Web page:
President, Qualcomm Inc.
By Asa Fitch
Cristiano Amon started building a career in telecoms in the 1990s, bouncing from NEC Corp. to Qualcomm Inc. and Ericsson AB during the heyday of early cell networks. But after the dot-com bubble burst, he found himself back home in São Paulo, Brazil, trying to turn around a recently bankrupt mobile operator buried by debt.
Assigned by a telecom venture-capital investor to help restructure the company, Vésper, Mr. Amon and other top executives reined in costs and convinced creditors to sell back more than $1 billion of debt at a discount. The company pushed technologies never before tried in Latin America and traded in rights to fiber-optic networks, part of a task Mr. Amon said "required a lot of new and unconventional thinking." Vésper was eventually sold to Embratel in 2003.
That make-your-own-luck spirit helped Mr. Amon rise up Qualcomm's executive ladder after he joined the mobile technology giant for a second stint in 2004, eventually taking charge of product planning and development at the company's core mobile-chip business. By building Qualcomm's relationship with Chinese handset makers and leading the charge to roll out new 5G networks, Mr. Amon has helped Qualcomm become a leading chip supplier and a key American technology player at a time when the company has also fought a handful of big, existential battles -- including a hostile takeover bid in 2017 and a world-spanning legal challenge to its business model from Apple Inc. The hostile bid was dropped last year, and Qualcomm settled its differences with Apple this year.
Here are four people he turns to for advice.
Former AT&T Wireless Services CTO
As Mr. Amon shifted from technical roles to more business-focused ones, Mr. Kauser's broad-mindedness and practicality have been an important guide. Mr. Kauser hired Mr. Amon to work at the venture firm that had a stake in Vésper, and they've remained close since. "He always talks about what is the real problem the technology is solving, versus the technology itself," Mr. Amon says.
Former Qualcomm CTO
When Mr. Amon needs sage advice from an experienced hand, Mr. Padovani is often the person he turns to first. Especially in the years after he returned to Qualcomm, when Mr. Padovani was the chief technology officer, Mr. Amon sought his advice on big business decisions and how to navigate career-wise within Qualcomm. "I'd use him as a sounding board," Mr. Amon says. "He was always available."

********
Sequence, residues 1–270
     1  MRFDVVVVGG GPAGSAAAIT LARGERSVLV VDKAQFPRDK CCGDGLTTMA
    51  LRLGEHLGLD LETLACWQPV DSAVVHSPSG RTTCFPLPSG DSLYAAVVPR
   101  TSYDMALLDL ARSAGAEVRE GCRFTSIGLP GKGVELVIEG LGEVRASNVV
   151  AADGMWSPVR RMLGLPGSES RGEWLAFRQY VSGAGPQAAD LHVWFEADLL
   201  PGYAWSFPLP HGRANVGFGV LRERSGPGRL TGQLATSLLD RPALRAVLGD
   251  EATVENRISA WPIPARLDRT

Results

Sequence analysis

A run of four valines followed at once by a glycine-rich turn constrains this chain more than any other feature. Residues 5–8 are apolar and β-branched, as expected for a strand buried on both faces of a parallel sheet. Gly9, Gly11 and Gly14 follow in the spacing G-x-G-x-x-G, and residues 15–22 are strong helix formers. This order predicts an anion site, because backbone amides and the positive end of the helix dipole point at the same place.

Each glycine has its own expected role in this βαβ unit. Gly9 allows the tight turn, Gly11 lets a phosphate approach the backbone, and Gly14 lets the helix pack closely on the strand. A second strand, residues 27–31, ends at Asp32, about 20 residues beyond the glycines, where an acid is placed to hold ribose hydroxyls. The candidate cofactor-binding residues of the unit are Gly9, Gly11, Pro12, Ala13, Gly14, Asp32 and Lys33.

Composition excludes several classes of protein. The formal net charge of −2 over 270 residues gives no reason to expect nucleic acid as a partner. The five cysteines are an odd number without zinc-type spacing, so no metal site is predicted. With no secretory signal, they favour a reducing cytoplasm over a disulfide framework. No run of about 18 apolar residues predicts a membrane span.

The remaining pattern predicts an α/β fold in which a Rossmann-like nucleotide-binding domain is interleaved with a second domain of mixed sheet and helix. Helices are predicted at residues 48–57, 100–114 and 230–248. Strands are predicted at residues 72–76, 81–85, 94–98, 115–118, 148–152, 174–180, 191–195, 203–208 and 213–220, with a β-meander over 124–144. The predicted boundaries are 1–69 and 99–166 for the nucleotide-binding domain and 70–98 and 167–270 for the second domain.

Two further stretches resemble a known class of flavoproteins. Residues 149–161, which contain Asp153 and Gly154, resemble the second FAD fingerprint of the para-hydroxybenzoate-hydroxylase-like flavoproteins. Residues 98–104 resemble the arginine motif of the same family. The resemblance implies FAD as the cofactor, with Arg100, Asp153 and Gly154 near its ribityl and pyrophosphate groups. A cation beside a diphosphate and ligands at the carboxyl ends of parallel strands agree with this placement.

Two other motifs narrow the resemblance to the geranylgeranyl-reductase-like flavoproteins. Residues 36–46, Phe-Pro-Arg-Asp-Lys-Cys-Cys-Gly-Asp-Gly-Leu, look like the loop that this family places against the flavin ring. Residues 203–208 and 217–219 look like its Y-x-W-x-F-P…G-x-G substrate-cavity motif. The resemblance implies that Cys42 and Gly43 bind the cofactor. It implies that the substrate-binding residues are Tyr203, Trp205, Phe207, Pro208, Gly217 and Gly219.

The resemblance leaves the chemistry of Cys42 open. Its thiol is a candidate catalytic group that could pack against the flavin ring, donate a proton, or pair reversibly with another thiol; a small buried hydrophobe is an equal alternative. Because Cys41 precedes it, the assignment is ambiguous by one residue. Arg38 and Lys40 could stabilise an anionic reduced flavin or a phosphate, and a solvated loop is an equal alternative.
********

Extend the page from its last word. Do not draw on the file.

Co-chairman of Brazil's Itaú Unibanco Holding S.A.
While their relationship is still young -- the men met roughly two years ago -- Mr. Amon says Mr. Setubal is a growing influence. He admires the Brazilian banker for his balanced, realist's view on the intersection of banking and technology, but also his willingness to adapt when circumstances call for it. Itaú Unibanco put Mr. Amon on its digital advisory board in 2017. "He can always bring a perspective different from the perspective I'm used to," Mr. Amon says.
CEO of Microsoft Corp.
Since taking the reins at Microsoft in 2014, Mr. Nadella engineered a dramatic turnaround that investors have rewarded by making it the world's most valuable company. Mr. Amon sees his ability to make that pivot -- something Qualcomm and other tech companies also may have to do one day -- as an inspiration. "When I think about the future of the wireless industry, 5G and connecting to the cloud, and industries that will be completely transformed, I could not think of anybody better to be on my board," Mr. Amon says.
Write to Asa Fitch at firstname.lastname@example.org